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How to avoid repetitive stress injuries.


If you work in an office, you might think that you are pretty protected from work-related injuries. While you may not have to deal with confined spaces, heights, or dangerous chemicals, you are still at risk for developing a Repetitive Strain Injury (RSI).

If you work in an office, you likely perform repetitive tasks and spend hours sitting at a desk. You grip, hold, bend, twist and reach throughout the day. Movements like this aren't dangerous on their own, but if you perform the same movement over and over hundreds of times for hundreds of days, it will start to harm your body. Even small things like typing, using a mouse, and sitting at an incorrect angle can cause ongoing injuries.

RSI is a general term used to describe a variety of painful injuries that affect tendons, tendon sheaths, muscles, nerves, joints, and other soft tissues. They cause persistent or recurring pain most commonly in the neck, shoulders, forearms, hands, wrists, elbows, and lower limbs. Things like carpal tunnel syndrome, tennis elbow and tendonitis would be considered RSIs.

Something like tennis elbow might seem like a small injury, but RSIs are a serious workplace health concern that causes pain and suffering for many workers. These injuries place economic burdens on society in lost productivity, compensation costs, and healthcare costs. According to Stats Can, in 2000/2001, over two million Canadians had a repetitive strain injury serious enough to limit their normal activities, and 55% of these injuries were caused by work-related activities.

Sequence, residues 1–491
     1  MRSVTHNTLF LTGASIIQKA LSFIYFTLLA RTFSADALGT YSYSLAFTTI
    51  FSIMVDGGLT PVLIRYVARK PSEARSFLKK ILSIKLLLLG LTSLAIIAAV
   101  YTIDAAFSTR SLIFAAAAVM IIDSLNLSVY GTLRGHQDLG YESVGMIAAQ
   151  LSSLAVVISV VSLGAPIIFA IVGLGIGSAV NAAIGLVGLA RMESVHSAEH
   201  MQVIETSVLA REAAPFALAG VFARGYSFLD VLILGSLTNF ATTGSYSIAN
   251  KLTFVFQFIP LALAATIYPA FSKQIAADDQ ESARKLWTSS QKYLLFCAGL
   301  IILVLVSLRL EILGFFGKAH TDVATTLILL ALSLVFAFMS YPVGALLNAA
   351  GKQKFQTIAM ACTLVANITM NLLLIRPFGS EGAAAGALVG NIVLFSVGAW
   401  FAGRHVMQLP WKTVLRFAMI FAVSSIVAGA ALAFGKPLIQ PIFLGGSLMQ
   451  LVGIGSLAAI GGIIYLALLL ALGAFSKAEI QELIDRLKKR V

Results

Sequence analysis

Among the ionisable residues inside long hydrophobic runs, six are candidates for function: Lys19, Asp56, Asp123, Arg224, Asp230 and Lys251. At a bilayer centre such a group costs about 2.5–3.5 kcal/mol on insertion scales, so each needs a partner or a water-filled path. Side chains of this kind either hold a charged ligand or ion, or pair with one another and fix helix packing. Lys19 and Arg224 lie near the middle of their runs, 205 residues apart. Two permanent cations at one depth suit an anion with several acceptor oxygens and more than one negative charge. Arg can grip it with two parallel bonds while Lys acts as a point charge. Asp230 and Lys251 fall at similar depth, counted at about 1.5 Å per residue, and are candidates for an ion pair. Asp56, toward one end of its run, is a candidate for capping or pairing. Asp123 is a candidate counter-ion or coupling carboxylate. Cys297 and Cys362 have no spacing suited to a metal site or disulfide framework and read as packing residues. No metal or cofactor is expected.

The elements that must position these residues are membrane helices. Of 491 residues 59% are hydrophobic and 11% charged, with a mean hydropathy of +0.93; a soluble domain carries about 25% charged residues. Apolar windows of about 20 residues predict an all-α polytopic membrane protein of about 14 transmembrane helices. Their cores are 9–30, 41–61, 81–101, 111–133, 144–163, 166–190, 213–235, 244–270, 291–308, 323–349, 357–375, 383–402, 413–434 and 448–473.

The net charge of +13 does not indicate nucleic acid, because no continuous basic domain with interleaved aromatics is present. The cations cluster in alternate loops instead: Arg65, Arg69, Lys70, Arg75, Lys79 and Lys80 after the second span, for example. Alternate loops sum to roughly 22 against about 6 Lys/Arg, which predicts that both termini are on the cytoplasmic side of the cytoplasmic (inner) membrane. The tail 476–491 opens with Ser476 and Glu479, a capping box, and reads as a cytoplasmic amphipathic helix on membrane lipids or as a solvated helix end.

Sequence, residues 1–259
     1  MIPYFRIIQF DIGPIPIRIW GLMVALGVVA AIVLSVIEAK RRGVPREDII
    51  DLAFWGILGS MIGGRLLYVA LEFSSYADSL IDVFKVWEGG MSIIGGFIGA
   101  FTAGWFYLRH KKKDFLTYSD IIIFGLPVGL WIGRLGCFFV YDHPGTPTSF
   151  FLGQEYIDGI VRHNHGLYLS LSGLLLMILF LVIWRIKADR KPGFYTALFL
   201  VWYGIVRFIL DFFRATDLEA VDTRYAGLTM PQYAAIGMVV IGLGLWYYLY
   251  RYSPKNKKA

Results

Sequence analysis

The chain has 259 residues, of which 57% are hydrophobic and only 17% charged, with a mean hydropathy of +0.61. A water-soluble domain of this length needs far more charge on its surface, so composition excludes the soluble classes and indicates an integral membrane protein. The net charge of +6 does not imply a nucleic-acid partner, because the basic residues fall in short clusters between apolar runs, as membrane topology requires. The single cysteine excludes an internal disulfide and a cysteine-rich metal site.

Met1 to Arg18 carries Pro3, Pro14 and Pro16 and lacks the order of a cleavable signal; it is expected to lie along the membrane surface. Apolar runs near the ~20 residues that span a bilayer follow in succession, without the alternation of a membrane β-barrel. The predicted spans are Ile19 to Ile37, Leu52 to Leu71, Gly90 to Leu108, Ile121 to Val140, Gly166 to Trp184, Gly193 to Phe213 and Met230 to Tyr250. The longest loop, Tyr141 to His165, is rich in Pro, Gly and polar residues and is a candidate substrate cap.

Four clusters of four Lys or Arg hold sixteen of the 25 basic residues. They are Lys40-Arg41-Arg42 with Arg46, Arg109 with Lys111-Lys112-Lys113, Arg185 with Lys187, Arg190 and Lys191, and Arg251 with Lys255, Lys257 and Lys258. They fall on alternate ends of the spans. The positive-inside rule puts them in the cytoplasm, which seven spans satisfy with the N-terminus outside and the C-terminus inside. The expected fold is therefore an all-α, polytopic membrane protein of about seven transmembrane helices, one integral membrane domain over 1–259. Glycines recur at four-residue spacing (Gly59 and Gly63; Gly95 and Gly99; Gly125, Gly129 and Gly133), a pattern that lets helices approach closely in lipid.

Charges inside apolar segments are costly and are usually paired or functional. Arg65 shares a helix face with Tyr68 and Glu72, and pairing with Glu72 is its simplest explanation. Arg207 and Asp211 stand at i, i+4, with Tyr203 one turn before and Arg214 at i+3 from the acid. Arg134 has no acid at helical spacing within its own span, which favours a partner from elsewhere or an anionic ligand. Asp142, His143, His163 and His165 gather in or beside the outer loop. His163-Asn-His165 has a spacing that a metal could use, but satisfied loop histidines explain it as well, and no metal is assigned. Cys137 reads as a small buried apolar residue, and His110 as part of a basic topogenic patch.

Signs you may have an RSI

If you start to feel any of the following, especially when you are repeating a common task, you may be developing an RSI:

  • Numbness
  • Tingling
  • Sharp pain
  • Dull ache
  • Weakness
  • Loss of grip strength
  • Restricted mobility in the affected joints

How to Prevent RSI

As with any hazards, it is better to prevent an RSI than to cure it. This means getting to the source of the problem and finding a way to break the repetition of the tasks performed. This could mean changing the way that a task is completed or changing your schedule so that you can rotate between several tasks and use different muscle groups throughout the day. Here are a few ways to prevent an RSI:

  • Sit up straight. Maintaining the correct posture throughout the day, whether you are sitting or standing, will reduce strain on your joints.
  • Ergonomics. You should make sure that your work station or desk is properly designed to fit your body size and shape. If possible, you can also use an adjustable desk or a standing desk to prevent yourself from sitting continuously each and every day. There are also a specially made computer mouse and keyboards to help lower the strain on your joints and muscles.
  • Take a break. You should try to take short, frequent rest breaks to allow your muscles to relax. This can mean getting up to walk around throughout the day or just moving onto a different task that requires different muscles memory.
  • Stretch. If your work involves heavy activity, warm-up before you start and do simple stretches during the day;
  • Stay fit. If you have good muscle strength, flexibility and endurance your body is better set-up to cope with repetitive activities.

Most RSI cases go away once the source of the injury is eliminated. But, if you ignore the signs of an injury and don't make any changes in your day-to-day activities, the damage could become more serious. Take care of yourself and make sure to identify and prevent these injuries before they begin.